After more than a century of being buried by a volcanic eruption, New Zealand's long-lost pink and white terraces might have finally been rediscovered under layers of ash and mud.
Once hailed as a natural wonder of the world, and the largest silica deposits of their kind on Earth, it was feared that these terraces were destroyed by the 1886 eruption of Mount Tarawera. But now researchers say they've located where they were buried, and suspect some of them have been preserved this whole time.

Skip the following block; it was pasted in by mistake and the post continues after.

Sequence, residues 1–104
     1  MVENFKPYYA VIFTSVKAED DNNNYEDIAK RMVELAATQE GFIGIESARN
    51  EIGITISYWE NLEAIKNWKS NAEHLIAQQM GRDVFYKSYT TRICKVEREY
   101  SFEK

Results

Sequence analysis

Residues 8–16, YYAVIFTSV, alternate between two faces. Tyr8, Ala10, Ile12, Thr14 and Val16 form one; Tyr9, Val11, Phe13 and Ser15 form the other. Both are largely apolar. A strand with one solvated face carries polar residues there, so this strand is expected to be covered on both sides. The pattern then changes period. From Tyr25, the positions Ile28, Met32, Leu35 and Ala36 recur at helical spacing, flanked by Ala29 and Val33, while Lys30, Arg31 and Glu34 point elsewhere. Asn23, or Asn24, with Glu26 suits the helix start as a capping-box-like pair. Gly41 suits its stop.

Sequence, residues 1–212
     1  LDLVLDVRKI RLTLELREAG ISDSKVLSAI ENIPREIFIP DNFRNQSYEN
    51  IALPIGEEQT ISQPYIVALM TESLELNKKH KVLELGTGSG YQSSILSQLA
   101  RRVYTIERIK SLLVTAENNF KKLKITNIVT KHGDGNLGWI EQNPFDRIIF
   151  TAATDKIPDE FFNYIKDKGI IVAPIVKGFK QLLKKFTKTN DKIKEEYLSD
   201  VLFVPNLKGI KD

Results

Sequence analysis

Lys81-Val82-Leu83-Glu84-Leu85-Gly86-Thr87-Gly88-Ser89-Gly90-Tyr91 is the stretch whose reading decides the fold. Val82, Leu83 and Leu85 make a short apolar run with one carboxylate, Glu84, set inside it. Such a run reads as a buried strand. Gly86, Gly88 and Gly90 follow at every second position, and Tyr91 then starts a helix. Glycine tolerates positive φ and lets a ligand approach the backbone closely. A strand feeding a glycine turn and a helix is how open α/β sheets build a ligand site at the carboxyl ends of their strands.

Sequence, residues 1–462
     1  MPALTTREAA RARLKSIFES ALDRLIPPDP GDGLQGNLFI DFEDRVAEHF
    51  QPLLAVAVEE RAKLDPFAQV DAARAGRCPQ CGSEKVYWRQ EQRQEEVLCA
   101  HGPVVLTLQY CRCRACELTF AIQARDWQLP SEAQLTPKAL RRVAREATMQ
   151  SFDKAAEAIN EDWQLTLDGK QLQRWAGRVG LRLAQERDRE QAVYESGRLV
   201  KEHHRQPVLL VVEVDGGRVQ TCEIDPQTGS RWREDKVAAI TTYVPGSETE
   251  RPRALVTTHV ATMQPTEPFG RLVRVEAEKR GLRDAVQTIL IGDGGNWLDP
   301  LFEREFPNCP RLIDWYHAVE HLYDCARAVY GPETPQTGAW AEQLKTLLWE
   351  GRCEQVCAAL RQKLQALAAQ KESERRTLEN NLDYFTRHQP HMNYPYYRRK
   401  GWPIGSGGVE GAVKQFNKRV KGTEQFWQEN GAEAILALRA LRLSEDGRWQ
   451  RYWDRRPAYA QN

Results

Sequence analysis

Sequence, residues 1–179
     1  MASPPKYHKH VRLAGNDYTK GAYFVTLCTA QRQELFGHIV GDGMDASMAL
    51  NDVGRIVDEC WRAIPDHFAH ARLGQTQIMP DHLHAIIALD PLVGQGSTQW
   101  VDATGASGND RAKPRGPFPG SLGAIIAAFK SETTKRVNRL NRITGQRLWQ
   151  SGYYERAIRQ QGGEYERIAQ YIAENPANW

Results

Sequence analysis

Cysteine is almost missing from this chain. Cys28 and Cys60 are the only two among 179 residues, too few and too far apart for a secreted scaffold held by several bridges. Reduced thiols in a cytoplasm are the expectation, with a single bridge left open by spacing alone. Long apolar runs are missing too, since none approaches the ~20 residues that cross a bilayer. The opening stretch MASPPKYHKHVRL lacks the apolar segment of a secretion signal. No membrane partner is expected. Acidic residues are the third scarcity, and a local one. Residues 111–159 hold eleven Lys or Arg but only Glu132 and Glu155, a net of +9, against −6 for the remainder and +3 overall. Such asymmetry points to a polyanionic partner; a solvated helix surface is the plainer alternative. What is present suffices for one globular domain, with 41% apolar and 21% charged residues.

"They became the greatest tourist attraction in the Southern Hemisphere and the British empire, and shiploads of tourists made the dangerous visit down from the UK, Europe, and America to see them," one of the team, Rex Bunn, told The Guardian.
"But they were never surveyed by the government of the time, so there was no record of their latitude or longitude."